Cows to take the stage in Olympics opening ceremony
London's Olympic Stadium will be transformed into a rural British idyll for the Games opening ceremony on July 27, organisers said on Tuesday.
The ceremony’s artistic director Danny Boyle said the £27 million (Rs 234 crore) ceremony would give Britons “a picture of ourselves as a nation.” “On entry to the Olympic Stadium in East London the audience will see a scene that represents a traditional and idyllic view of the British countryside,” Games organisers LOCOG said in a statement. “The set will be complete with meadows, fields and rivers, and featuring families taking picnics, sport being played on the village green and farmers tilling the soil whilst real farmyard animals graze.”
Real farmyard animals will be grazing in the country scene, with a menagerie including 30 sheep, 12 horses, three cows, two goats and 10 chickens, plus three sheepdogs. A billion people worldwide are expected to watch the extravaganza on television, LOCOG said. Boyle paid tribute to the cast of 10,000 volunteers, who have already held 157 rehearsals.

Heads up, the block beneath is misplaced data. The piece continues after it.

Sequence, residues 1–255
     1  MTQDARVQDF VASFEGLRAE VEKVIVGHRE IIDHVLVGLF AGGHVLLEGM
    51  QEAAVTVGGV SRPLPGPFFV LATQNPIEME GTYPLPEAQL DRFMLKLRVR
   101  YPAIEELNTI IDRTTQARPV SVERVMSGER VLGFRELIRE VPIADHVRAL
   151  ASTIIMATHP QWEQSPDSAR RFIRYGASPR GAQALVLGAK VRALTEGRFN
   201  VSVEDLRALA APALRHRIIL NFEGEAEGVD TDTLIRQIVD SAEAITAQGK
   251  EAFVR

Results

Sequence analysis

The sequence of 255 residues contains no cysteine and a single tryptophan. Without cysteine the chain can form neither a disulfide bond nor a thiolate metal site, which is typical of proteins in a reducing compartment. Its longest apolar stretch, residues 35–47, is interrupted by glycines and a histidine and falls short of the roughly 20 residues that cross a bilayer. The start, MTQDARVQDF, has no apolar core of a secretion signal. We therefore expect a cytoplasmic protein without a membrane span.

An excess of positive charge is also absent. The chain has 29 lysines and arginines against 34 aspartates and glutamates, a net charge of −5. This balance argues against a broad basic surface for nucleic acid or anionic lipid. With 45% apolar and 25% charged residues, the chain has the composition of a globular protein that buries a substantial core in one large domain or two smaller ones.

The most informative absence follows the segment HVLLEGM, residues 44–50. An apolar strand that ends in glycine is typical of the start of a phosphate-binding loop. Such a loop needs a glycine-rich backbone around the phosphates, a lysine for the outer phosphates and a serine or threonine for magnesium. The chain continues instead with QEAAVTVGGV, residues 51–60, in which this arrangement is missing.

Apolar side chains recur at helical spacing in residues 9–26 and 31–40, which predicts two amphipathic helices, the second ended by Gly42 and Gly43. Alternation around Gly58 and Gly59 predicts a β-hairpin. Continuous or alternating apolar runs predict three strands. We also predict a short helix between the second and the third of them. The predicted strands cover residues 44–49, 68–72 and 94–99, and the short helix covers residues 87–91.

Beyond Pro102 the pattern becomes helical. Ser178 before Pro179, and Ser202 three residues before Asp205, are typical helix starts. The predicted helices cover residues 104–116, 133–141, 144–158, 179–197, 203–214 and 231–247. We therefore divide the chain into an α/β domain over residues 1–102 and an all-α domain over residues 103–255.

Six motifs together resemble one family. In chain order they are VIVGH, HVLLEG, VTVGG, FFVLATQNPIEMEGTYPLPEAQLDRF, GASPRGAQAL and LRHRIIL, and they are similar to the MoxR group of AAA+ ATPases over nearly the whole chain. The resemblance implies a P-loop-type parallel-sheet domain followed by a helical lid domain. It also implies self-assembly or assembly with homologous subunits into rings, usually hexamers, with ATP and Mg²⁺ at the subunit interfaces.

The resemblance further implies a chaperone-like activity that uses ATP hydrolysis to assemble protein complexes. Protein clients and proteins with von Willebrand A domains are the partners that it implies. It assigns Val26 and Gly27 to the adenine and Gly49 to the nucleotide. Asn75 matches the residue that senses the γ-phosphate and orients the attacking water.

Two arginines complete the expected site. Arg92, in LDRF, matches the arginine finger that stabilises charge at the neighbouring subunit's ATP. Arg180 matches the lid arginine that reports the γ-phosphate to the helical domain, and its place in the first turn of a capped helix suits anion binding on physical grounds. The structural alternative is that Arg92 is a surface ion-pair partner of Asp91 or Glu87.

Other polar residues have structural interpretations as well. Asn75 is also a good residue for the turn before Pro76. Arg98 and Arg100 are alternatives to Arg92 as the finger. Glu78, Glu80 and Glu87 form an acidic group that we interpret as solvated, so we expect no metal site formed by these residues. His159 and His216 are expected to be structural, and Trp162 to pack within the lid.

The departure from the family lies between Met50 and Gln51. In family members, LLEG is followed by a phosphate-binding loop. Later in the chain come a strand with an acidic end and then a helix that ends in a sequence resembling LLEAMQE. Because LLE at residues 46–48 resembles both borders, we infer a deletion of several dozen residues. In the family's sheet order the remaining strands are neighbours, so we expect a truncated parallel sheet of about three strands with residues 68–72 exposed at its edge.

“I’ve been astounded by the selfless dedication of the volunteers,” he said. “They are the pure embodiment of the Olympic spirit and represent the best of who we are as a nation.” “The best way to tell that story is through working with real people,” added the filmmaker.
The largest bell in Europe will ring inside the stadium to open the extravaganza, which has been named ‘Isles in Wonder’ after a speech from William Shakespeare’s play The Tempest. The 27-tonne bell is inscribed with a quote from one of the play’s characters Caliban: “Be not afeard, the isle is full of noises”.
London Games chief Sebastian Coe said organisers had designed ‘one of the biggest sets ever built’ for the stadium, which will be equipped with a million-watt sound system. Some 80,000 spectators will be able to watch a full dress rehearsal at the venue at a date yet to be announced. The budget for the opening and closing ceremonies was doubled to £81 million (Rs 702 crore) in December, reportedly after British Prime Minister David Cameron intervened.